“Genocide by force of habit”
We highly recommend Alex de Waal’s essay on Darfur in the London Review of Books. de Waal has been in contact with Darfur since the seventies. The piece is full of heartbreaking contrasts. For instance, de Waal presents a Bowles-like picture of meeting one of the leaders of a nomadic group in Darfur, the Jalul, a nazir, Sheikh Hilal Musa, in 1985.
“I met the elderly nazir, Sheikh Hilal Musa, in 1985. His tent was hung with the paraphernalia of a lifetime's nomadism - water jars, saddles, spears, swords, leather bags and an old rifle. He invited me to sit opposite him on a fine Persian rug, summoned his retainer to serve sweet tea on a silver platter, and told me the world was coming to an end. At that time, Darfur was gripped by drought and disturbing changes were afoot. The Saharan winds were blowing sand onto fertile hillsides, and when it rained the water was cutting gullies through the rich alluvial soil along the wadi. Worse, the villagers who had always played host to camel nomads were now barring their migrations, and stopping them from using pastures and wells.”
It comes as a shock to read that this man’s son is Musa Hilal, the leader of the Janjawiid, the militia group used by Khartoum to massacre the Fur. Among other interesting things that go against the grain of the CV in the West and my expectations as a reader, de Waal writes about the spiritual founder of the current Islamicist regime, Hassan al-Turabi (who is now languishing in prison for disturbing the Bashir government with a little too much fervor) that he “broadened the agenda and constituency of the Islamist movement. For example, he insisted that women had rights in Islam, and today more than half of the undergraduates at Khartoum University are women. He also recognised the authenticity of western Sudanese and West African Islam, thus embracing the traditions exemplified by the early 19th-century Fulani jihads and the wandering Sufi scholars of the Maghreb.”
De Waal has found himself in the predicament, so flattering to the vanity of the expert, and so indicative of the disaster that has befallen his particular field of expertise, of appearing in all the papers and magazines that give us the instant wisdom about Sudan. He wrote a book about a previous famine in Darfur. However, one must also admit there is something tired about de Waal’s vision – it is as if he had fatalistically accepted the fact that other nations will simply talk themselves through the Darfur famine/massacre. They will neither prevent the burning, looting, raping and mass murder, nor satisfactorily alleviate the deaths from hunger, dehydration, and various ensuing diseases. Ghost after ghost will burn.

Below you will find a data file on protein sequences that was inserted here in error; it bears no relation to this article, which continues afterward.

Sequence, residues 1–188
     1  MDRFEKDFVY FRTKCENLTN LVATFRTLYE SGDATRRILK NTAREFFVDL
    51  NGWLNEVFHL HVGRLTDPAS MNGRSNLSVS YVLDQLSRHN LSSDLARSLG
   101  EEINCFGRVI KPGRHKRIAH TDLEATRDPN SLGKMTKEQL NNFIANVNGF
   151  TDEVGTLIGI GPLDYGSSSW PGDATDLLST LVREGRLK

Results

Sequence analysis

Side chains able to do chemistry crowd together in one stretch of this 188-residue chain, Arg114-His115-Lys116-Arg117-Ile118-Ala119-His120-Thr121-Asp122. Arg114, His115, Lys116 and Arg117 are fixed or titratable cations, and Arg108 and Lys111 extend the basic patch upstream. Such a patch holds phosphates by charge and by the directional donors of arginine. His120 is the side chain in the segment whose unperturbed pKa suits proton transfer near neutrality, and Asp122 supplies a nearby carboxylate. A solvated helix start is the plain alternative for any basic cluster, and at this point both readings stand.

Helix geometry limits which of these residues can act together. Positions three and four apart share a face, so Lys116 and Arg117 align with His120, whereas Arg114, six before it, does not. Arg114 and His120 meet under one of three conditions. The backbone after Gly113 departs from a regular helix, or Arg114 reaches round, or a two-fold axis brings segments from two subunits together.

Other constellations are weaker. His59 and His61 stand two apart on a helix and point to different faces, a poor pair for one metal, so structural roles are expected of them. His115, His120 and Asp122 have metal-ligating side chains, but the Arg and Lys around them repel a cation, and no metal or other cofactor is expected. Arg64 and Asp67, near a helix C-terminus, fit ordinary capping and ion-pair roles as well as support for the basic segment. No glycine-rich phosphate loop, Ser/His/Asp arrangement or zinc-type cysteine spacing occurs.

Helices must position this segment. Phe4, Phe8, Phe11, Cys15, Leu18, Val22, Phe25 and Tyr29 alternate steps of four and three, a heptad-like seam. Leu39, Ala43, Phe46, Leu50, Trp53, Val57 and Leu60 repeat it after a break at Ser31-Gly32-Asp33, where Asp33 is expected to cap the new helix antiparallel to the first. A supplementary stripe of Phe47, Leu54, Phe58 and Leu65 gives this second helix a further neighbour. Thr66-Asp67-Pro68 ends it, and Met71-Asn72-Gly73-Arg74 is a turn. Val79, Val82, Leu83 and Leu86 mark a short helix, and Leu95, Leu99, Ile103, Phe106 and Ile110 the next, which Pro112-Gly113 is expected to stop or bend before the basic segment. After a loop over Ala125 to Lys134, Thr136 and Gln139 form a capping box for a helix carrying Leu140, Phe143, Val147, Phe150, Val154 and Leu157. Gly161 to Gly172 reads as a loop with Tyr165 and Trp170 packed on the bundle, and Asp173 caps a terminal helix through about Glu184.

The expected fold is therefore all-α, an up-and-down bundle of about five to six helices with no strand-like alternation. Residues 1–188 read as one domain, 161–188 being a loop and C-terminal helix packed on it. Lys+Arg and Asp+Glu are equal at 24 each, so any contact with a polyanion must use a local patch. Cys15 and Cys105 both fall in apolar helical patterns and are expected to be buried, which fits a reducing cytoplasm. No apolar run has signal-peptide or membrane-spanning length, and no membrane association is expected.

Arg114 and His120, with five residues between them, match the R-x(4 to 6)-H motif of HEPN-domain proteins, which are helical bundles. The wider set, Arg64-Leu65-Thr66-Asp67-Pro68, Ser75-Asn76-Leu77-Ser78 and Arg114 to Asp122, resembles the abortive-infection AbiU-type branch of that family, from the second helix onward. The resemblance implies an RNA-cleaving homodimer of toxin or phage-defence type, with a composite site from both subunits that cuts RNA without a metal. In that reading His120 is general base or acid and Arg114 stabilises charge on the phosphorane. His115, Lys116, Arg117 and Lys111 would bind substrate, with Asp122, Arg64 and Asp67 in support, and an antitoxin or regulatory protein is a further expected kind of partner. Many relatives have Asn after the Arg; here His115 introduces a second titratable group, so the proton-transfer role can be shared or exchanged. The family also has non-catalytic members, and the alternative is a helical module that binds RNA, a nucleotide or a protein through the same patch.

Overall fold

LI has been in correspondence about Sudan with a conservative friend, who thinks it is all the French. This is a weird idea, stemming from the misconception that the French have a large, vital economic stake in Sudan’s oil fields. In actuality, Total/Elf’s stake, although large in acreage, is actually a dead loss to the company, since the stake hasn’t produced for some twenty years.
Beyond the French, this friend’s challenge to LI has been, what would you do? And LI’s answer is that if we had the power, we would like to see some no-fly cordon thrown over Darfur like the cordon that was thrown over Northern Iraq in the early nineties. Apparently, the Janjawiid, use helicopters to make their raids. Apparently, those helicopters are supplied by the Russians and the Chinese. These, we think, should be knocked down. Similarly, convoys or encampments of Janjawiid should be dispersed.
There are a lot of problems with our “solution.” The first one is – a man can’t glance in the papers once every decade, read about a distant battle between unknown forces on a terrain he has never seen, and pluck his solutions from the air. My solution is one endorsed by many visiting experts and op ed handjob artists. But they are not, themselves, going to suffer if it fails. Here are some problems I foresee: its potential for inciting the Sudanese government to once again go psycho; or, alternatively, creating a zone in which the Fur people feel comfortable enough to massacre the Arabs.
This is what de Waal writes: “The best, and perhaps the only, means of disarmament is that employed by the British seventy-five years ago: establish a working local administration, regulate the ownership of arms, and gradually isolate the outlaws and brigands who refuse to conform. It took a decade then, and it won't be any faster today. Not only are there more weapons now, but the political polarities are much sharper.”
Samantha Powers, who has another view, is interviewed by Liberation and has this to say:
And what to do if Khartoum refuses to bend?
Build a diplomatic coalition to pressure the government, which brilliantly exploits the least division in the occidental camp. And encourage the deployment of a international standing for composed of African contingents in order to avoid Sudan playing the card of the Occident against the Moslems. The West’s essential role would consist of the delivery of these troops.